On 5th of August 2015 the Irish Navy ship LÉ Niamh was sent to help an overcrowded vessel about 25 miles off the Libyan coast. As two rigid inflatable boats (Ribs) from the LÉ Niamh approached they signaled to the people to stay where they were so that life jackets could be given out. However, according to Capt Dave Barry: “Whatever happened, a number rushed to one side, and it capsized and sank in a couple of minutes”. A total of 367 survivors and 25 bodies were taken to the Sicilian port of Palermo. Up to 700 people were believed to have been on board. It is stories like these that have brought the migrant crisis directly to the doorsteps of the Irish public.
The journey to the Irish shores is far too long for these boats to appear on the Irish horizon but the daily media attention has brought about discussions relating to Irish migrant history of fleeing on ‘coffin ships’ to the U.S. in the 1840s. So many died on these hazardous journeys across the Atlantic, it was said that sharks followed the ships for the bodies thrown overboard.
Ireland’s Minister for Justice Frances Fitzgerald stated recently:
“It is important that Ireland join together with our partners to assist in the relocation effort and show solidarity, just as we have on refugee resettlement and in the exemplary work of the Naval Service in search and rescue in the Mediterranean.”
She also said that Ireland has agreed to accept 600 refugees, mainly from Syria and Eritrea, over the next two years.
While such numbers are very low compared to the numbers applying for asylum in Germany, for example, this does not mean that Ireland is isolating itself from international influences. According to the latest Globalization Index by the KOF Swiss Economic Institute (KOF) Ireland is the most globalized country in the world. While Ireland’s open economy and low corporation tax rates account for much of this position, the individual categories put Ireland fifth in the Social Globalization category (size of foreign population, international information flow (access to internet, TV or foreign press) or import and export of books in relation to GDP).
The ‘Celtic Tiger’ boom years (1995-2000) saw a dramatic rise in its migration rate:
“Comparing Ireland to other EU countries underlines its rapid changes. From 1990 to 1994, Ireland was the only Member State with a negative net migration rate (number of migrants per 1,000 inhabitants) according to the EU statistical agency Eurostat. By 2007, Ireland had the third highest migration rate across the 27 EU Member States — 14.5 migrants per 1,000 inhabitants — surpassed only by Spain and Cyprus.”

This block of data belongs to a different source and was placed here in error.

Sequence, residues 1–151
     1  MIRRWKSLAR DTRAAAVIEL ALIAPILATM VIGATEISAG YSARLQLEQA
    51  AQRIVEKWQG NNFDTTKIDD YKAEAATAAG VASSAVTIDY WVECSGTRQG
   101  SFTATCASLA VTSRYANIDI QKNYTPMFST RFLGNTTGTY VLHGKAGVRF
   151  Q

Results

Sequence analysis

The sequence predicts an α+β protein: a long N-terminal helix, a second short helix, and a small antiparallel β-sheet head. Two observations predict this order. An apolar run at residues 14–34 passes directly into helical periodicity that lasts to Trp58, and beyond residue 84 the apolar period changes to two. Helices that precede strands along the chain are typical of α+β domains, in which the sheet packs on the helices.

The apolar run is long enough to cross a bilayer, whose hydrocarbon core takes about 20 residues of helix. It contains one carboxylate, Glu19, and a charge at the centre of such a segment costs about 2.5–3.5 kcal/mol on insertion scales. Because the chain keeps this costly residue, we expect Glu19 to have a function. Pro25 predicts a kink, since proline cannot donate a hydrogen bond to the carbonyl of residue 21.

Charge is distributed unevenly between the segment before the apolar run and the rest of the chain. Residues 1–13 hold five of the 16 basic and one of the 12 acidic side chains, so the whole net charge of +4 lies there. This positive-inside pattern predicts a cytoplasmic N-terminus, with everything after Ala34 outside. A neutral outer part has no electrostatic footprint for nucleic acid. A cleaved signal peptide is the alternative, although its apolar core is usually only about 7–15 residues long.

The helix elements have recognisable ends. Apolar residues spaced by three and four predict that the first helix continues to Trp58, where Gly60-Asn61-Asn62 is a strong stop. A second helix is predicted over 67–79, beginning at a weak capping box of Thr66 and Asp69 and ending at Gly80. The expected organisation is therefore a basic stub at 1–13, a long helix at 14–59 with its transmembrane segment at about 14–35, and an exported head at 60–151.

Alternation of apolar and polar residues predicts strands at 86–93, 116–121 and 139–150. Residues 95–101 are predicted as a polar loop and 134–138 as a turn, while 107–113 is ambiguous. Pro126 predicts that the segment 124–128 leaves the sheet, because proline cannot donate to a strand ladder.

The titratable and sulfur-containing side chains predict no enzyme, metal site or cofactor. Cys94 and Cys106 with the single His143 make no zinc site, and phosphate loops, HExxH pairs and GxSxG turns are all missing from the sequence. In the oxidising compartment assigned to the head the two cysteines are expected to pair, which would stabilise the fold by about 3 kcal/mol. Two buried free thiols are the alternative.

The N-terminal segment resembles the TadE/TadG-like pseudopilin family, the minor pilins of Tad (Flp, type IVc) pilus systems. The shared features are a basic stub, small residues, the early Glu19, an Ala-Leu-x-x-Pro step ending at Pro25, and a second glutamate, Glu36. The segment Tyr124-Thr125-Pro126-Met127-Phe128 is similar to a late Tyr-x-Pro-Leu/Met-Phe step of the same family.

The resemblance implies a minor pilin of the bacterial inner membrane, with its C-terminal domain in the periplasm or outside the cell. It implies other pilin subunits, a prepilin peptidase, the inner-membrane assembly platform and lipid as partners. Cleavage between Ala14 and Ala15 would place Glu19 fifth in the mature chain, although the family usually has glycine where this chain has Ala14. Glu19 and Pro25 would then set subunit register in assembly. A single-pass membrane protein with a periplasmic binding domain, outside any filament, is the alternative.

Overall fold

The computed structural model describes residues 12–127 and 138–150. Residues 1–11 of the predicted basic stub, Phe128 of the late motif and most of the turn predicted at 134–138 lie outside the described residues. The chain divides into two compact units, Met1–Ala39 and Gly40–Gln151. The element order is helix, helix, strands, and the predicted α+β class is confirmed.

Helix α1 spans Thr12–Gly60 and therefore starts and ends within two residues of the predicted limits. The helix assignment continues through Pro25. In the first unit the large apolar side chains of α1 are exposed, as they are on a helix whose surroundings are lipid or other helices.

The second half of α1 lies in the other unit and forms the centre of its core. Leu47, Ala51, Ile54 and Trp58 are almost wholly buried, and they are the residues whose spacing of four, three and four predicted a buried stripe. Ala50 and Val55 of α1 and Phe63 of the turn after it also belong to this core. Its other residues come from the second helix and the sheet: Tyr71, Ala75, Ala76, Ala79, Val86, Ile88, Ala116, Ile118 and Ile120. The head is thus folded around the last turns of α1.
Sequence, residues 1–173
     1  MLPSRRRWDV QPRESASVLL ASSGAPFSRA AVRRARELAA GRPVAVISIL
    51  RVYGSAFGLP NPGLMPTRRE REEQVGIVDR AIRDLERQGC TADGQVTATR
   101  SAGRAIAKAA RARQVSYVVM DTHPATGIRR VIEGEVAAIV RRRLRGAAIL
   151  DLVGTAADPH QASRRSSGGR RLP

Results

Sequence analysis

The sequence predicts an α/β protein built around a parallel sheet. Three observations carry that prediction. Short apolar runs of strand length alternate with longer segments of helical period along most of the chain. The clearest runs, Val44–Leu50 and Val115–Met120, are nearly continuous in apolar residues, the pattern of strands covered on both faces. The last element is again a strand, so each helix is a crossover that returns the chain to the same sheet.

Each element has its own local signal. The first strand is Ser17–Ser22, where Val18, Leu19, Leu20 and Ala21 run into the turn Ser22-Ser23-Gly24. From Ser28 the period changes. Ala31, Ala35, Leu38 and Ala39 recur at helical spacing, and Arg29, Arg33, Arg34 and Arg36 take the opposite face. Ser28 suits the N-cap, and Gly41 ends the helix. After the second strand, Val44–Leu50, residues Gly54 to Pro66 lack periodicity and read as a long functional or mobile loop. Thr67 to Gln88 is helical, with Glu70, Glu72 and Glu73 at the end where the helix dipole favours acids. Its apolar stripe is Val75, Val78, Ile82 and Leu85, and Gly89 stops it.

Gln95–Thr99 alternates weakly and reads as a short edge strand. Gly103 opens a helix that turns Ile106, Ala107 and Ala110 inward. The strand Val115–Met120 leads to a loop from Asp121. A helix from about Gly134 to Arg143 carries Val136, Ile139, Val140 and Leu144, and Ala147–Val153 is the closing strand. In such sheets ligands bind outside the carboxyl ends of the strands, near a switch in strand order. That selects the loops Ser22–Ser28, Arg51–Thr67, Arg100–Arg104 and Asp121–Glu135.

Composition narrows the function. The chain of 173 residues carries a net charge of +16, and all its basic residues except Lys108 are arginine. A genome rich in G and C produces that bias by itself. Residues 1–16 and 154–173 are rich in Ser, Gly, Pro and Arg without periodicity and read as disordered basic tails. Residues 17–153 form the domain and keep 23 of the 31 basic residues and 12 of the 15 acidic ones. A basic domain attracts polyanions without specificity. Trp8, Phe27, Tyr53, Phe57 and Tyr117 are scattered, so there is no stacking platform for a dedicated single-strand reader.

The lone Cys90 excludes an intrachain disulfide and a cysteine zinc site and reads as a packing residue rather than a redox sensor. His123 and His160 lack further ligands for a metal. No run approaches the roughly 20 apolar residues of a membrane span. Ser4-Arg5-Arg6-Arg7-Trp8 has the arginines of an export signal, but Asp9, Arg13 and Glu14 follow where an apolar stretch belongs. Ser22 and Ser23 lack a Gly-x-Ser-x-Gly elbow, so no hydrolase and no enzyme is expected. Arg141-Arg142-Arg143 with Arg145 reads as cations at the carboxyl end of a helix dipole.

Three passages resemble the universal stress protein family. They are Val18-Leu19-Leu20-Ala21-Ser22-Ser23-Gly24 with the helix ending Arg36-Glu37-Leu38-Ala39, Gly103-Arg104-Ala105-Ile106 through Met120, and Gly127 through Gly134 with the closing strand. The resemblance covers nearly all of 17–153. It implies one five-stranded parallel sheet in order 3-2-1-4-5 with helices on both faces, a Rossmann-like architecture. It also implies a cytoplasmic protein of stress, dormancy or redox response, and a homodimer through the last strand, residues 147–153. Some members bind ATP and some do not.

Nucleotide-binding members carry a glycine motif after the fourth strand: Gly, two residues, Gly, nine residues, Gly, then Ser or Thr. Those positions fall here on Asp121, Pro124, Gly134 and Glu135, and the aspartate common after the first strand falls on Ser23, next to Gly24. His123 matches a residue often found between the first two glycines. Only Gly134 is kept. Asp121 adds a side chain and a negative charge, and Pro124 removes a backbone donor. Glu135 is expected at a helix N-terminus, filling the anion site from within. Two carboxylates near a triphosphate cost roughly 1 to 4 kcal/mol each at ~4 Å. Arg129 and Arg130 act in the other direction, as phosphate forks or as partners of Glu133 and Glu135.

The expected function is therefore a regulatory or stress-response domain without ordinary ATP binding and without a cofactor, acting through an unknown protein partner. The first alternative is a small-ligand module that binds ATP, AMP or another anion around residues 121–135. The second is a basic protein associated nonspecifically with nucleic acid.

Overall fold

During that same time ‘the number of persons seeking asylum in Ireland increased dramatically from only 362 in 1994 to a peak of 11,634 in 2002, before falling off in 2003 and down to approximately 3,900 in 2008. […] Between 1992 and 2008, 9,574 non-EU nationals received refugee status. In 2007, the overall refugee recognition rate of asylum applicants at first and appeal stage was 10 percent.’
By 2014 1,444 asylum applications were received by the Department of Justice ‘compared to 946 in 2013 equating to a 53 per cent increase.’
The difficulties for asylum seekers do not end upon arrival in Ireland as ‘asylum seekers do not have the right to work in Ireland while the government is reviewing their applications. If, however, their applications are successful and they are officially recognized as refugees, they acquire full employment and social rights and can eventually naturalize.’
According to a government website, under the policy of Direct Provision, asylum seekers receive:
‘Accommodation on a full-board basis. The cost of all meals, heat, light, laundry, tv, household maintenance, etc. are paid directly by the State. Personal allowances of €19.10 per adult and €9.60 euro per child per week.’
In a major article in The Irish Times last year, entitled ‘Lives in Limbo’, it was noted that ‘many asylum seekers in the State’s direct provision system spend years in conditions which most agree are damaging to the health, welfare and life-chances of those forced to endure them.’
The report went on to state that:
“The State-run Reception and Integration Agency says it ensures the basic needs of all residents are met. But the United Nations and international human rights groups have heavily criticised the system. Former Supreme Court judge Catherine McGuinness has predicted that a future government will end up publicly apologising for damage done by the direct provision system. The voices of asylum seekers are rarely heard. Many are fearful that speaking out will damage their request for refugee status.”
This does not bode well in the current crisis for the new refugees who will be thrown into a lengthy process unless steps are taken to speed up the whole system.
Caoimhghin Ó Croidheáin is an Irish artist who has exhibited widely around Ireland. His work consists of paintings based on cityscapes of Dublin, Irish history and geopolitical themes (http://gaelart.net/). His blog of critical writing based on cinema, art and politics along with research on a database of Realist and Social Realist art from around the world can be viewed country by country at http://gaelart.blogspot.ie/.